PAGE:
Min­is­ter­ing to the out­casts

After wait­ing 20 years for Arundhati Roy’s sec­ond novel, we are gifted with an ab­sorb­ing and ex­hil­a­rat­ing – of­ten dev­as­tat­ing even when flawed and imperfect – work.

The Star Malaysia - Star2 - - Reads - Re­view by SUBASHINI NAVARATNAM star2@thes­tar.com.my

IN­DIAN au­thor Arundhati Roy cat­a­pulted to lit­er­ary star­dom in 1997, when her de­but novel, The God Of Small Things (In­di­aInk), was re­leased to wide­spread ac­claim. It went on to win the pres­ti­gious Man Booker Prize that same year and has been trans­lated into more than 40 lan­guages.

But in­stead of be­com­ing a lit­er­ary star by rid­ing on the wave of her spec­tac­u­lar de­but, Roy im­mersed her­self in the po­lit­i­cal strug­gles of her time: the Kash­mir in­de­pen­dence ef­fort; Adi­vasi, or tribal In­dian, land rights; and anti-nu­clear protests. She ar­gues against US im­pe­ri­al­ism and the far­right machi­na­tions of the In­dian se­cu­rity state. Now, 20 years after her de­but, Roy has re­turned with her sec­ond novel, The Min­istry Of Ut­most Happiness.

After two decades of po­lit­i­cal ac­tivism, it would be wrong to ex­pect Roy to re­main an un­changed nov­el­ist. In­deed, the ef­fects are ev­ery­where in this sec­ond novel. The God Of Small Things is an ele­giac, gothic story about fam­ily told in lush, de­scrip­tive lan­guage; the po­lit­i­cal hov­ers vaguely like a rest­less ances­tral spirit over the per­sonal. Min­istry, on the other hand, is rife with all of Roy’s po­lit­i­cal pre­oc­cu­pa­tions from first page to last. It is an at­tempt to make the po­lit­i­cal per­sonal. In ded­i­cat­ing her book “To the Un­con­soled”, Roy makes it ob­vi­ous even be­fore you crack open the cover that this novel fo­cuses on the marginalised mem­bers of so­ci­ety: the out­casts, the op­pressed, the strag­glers, and all those who have been for­got­ten, de­lib­er­ately so, in the quest for “In­dia Shin­ing”.

Min­istry be­gins with the story of An­jum, an in­ter­sex per­son raised as a male who leaves her fam­ily and, after barely es­cap­ing a pogrom, sets up home in a grave­yard. Slowly, over time, her res­i­dence be­comes a guest­house for other out­casts: Dal­its, trans­gen­ders, sex work­ers, and ad­dicts.

Though An­jum’s story be­gins the book, Roy’s nar­ra­tive leaves her be­hind as it en­ters the main story cen­tered on a woman named Tilo and the three men she’s known since univer­sity in 1984 and who or­bit her uni­verse: Biplab, Naga, and Musa.

Biplab works for the In­dian gov­ern­ment (and, de­spite Roy’s anti-na­tional pol­i­tics, is the only char­ac­ter who nar­rates from the first per­son); Naga is the cool guy who has jet­ti­soned his former rad­i­cal pol­i­tics to be­come a cel­e­brated hu­man rights jour­nal­ist, so blinded by the stature of his job that he doesn’t even know he’s be­ing used as an in­tel­li­gence as­set by the In­dian gvern­ment; and Musa is an af­fa­ble Kash­miri mil­i­tant.

He’s also Tilo’s one true love, and it’s her re­la­tion­ship with him that takes her to Kash­mir, sub­jects her to po­lice in­ter­ro­ga­tion, and sends her on a life on the run that inevitably ends with her find­ing a home in An­jum’s grave­yard guest­house. Both Musa and Tilo are ide­alised, but at least Musa ap­pears as a per­son while Tilo ap­pears as an ar­che­typal Cool Girl With a Murky Past.

Min­istry is a sprawl­ing, am­bi­tious book, and this re­view can barely scratch the sur­face of what it tack­les: hi­jra (trans­gen­der) rights, Adi­vasi tribal land con­ven­tional novel, one that will en­ter­tain them and give them a story with a be­gin­ning, mid­dle, and an end.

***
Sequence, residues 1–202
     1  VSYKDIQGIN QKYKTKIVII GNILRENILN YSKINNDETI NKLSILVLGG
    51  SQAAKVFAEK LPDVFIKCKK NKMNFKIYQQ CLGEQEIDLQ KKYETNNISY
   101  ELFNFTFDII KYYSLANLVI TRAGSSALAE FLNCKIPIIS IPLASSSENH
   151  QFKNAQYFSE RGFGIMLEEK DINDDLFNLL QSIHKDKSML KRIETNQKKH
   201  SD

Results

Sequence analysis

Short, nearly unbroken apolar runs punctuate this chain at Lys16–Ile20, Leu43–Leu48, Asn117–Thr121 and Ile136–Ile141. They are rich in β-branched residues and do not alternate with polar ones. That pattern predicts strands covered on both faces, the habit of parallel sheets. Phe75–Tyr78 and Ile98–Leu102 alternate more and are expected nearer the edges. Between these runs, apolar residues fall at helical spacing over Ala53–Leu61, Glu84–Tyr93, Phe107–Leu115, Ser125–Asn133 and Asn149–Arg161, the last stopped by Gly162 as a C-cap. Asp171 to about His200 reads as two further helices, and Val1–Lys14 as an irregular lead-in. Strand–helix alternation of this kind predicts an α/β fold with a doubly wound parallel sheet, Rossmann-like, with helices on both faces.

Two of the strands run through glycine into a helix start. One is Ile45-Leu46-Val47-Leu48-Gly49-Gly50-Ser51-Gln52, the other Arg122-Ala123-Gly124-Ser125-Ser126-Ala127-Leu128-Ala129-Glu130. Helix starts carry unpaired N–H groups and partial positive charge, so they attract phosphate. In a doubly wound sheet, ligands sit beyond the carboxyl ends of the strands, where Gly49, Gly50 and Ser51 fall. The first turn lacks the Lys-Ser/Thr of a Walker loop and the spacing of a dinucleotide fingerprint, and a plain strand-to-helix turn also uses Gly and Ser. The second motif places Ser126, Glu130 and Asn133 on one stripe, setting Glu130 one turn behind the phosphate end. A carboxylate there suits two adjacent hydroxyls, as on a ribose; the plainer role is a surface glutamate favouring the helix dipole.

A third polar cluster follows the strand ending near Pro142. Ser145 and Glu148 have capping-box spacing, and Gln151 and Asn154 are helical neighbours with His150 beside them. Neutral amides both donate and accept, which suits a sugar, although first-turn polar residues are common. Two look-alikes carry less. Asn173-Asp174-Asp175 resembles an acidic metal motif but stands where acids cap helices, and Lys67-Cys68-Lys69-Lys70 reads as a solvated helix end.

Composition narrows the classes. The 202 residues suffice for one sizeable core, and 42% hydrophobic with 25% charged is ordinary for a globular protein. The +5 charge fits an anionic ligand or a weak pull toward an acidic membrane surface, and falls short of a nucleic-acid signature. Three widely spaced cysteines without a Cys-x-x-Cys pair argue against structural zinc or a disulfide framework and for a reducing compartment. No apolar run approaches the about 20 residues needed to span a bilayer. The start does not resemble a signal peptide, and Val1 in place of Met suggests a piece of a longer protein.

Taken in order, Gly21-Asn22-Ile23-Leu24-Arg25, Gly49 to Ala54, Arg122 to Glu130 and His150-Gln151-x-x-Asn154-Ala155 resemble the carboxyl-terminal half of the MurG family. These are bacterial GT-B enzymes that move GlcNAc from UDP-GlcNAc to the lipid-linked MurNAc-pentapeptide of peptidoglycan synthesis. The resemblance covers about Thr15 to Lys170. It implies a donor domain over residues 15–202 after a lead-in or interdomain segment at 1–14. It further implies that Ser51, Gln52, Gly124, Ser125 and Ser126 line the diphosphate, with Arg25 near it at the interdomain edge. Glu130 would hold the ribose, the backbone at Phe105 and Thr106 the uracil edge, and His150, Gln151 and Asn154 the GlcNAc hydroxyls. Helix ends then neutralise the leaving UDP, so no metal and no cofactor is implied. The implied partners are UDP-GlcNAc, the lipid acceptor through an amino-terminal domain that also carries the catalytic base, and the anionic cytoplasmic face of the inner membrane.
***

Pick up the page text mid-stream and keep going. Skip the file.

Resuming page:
But in a book rife with epi­taphs from Jean Genet and James Bald­win, snatches of bawdy col­lo­quial proverbs and rhymes, and bits of Osip Man­del­stam’s po­etry, there is no be­gin­ning and an end. To­wards the end of the book, the lines of a poem re­veal the cen­tral ques­tion: “How to tell a shat­tered story?” That this is in­cluded as a blurb on the back is both a warn­ing and in­struc­tion to read­ers.

But Roy and her edi­tors must have thought that in order to please her read­ers, they must tie up some loose ends and give the char­ac­ters that dreaded re­quire­ment in fic­tion: “clo­sure”. Thus, an aban­doned baby en­ters the story, a Dick­en­sian foundling whose pres­ence ties sev­eral char­ac­ters and is­sues to­gether. In a book steeped in so­cial re­al­ism like this one, the awk­ward thread of “one baby to unite them all” weak­ens the novel with its jar­ring note of mag­i­cal re­al­ism.

While An­jum is the most en­dear­ing char­ac­ter, gifted with the best lines, it’s the cen­tral story about Kash­mir that is mov­ing and pow­er­ful, the story about a peo­ple who “were in the ri­fle-sights of a sol­dier” in ev­ery part of the Val­ley.

“I would like to write one of those so­phis­ti­cated sto­ries in which even though noth­ing much hap­pens there’s lots to write about. That can’t be done in Kash­mir. It’s not so­phis­ti­cated, what hap­pens here. There’s too much blood for good lit­er­a­ture.” That’s a part of Tilo’s notes while in Kash­mir, but it is also Roy an­tic­i­pat­ing her crit­ics. In a sense, Min­istry is an at­tempt to fig­ure out what makes for good lit­er­a­ture in our present time, a time with too much blood.

For this reader, it was ab­sorb­ing and ex­hil­a­rat­ing, of­ten dev­as­tat­ing even when flawed and imperfect. The book is alive on ev­ery page. If this is what failed fic­tion looks like – at­ten­tive to the dis­pos­sessed, the marginalised, and the op­pressed; frac­tured, bro­ken, and sprawl­ing – then I’ll take it over po­lite, well-man­nered, per­fectly-ex­e­cuted fic­tion any day.

Au­thor: Pub­lisher:

Photo: AU­GUS­TUS BINU/Wikimedia Com­mons

Arundhati Roy Hamish Hamil­ton, con­tem­po­rary fic­tion

Newspapers in English

Newspapers from Malaysia

© PressReader. All rights reserved.